The High Commissioner also expressed concern about impunity and the role impunity plays in human rights violations, stating “Human rights violations are fueled by impunity.” Impunity is a central concern in addressing the Bahraini government’s human rights abuses. Not only do members of Bahrain’s security forces commit abuses with impunity, but violators rarely face prosecution. For example, Zakariva Rashid Hassan al-Asheri died under suspicious circumstances after he was arrested and charged with disseminating false news and inciting hatred in 2011. Authorities claimed al-Asheri died from complications of sickle-cell anemia, but his family reported he did not suffer from that illness. In 2012, freelance journalist Ahmed Ismaeel Hassan al-Samadi died after being shot while filming a protest in the village of Salmabad. Despite calls, including from the UN, that Bahrain investigate the killing, al-Samadi’s death has remained unresolved.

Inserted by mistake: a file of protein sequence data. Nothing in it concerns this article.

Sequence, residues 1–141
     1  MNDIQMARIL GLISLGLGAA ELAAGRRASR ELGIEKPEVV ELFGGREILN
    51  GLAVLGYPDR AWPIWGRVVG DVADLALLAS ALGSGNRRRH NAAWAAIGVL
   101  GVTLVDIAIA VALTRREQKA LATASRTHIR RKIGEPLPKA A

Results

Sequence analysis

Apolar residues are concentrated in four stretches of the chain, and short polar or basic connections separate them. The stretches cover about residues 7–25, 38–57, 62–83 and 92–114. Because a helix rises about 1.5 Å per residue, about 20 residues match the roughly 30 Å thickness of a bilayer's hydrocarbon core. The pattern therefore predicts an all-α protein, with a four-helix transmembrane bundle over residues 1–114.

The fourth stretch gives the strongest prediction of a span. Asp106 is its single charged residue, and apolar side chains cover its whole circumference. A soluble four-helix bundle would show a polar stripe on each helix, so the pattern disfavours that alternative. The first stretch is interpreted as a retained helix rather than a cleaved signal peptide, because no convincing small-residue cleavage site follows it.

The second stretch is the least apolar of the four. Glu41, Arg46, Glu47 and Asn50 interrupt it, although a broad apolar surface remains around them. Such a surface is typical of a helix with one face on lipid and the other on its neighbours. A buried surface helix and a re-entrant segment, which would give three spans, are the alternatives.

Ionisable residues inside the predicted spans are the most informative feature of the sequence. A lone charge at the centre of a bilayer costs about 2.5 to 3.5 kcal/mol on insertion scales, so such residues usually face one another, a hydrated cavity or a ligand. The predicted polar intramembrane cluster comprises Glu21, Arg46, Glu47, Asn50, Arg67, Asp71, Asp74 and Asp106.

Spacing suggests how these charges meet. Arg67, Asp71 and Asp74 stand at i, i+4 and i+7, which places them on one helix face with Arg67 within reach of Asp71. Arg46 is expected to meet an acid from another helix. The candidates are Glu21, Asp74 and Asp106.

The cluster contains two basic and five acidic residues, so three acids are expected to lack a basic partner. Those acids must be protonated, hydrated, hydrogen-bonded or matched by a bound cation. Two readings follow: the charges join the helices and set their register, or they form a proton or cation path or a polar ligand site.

Indeed, to date, no senior officials have been held accountable for their abuses, which range from torture, to extrajudicial killings. In some cases, rather than initiating investigations into abuses, the Bahraini government promotes abusers, Mubarak bin Huwail was accused of torturing six medics in 2011. Despite this, he was acquitted of any charges in July 2013. Less than a week later, bin Huwail was seen with Sheikh Khalifa bin Salman AlKhalifa, the Prime Minister, who thanked him for “his good work,” and assured him that “the laws don’t apply to you.” Bin Huwail was later promoted to Brigadier General and appointed to head the Southern Governorate Police Force. While he was in charge of the Southern Governorate Police Force, human rights defender Nabeel Rajab experienced terrible conditions, while held in long-term pre-trial detention, following which, he needed to be hospitalized for months.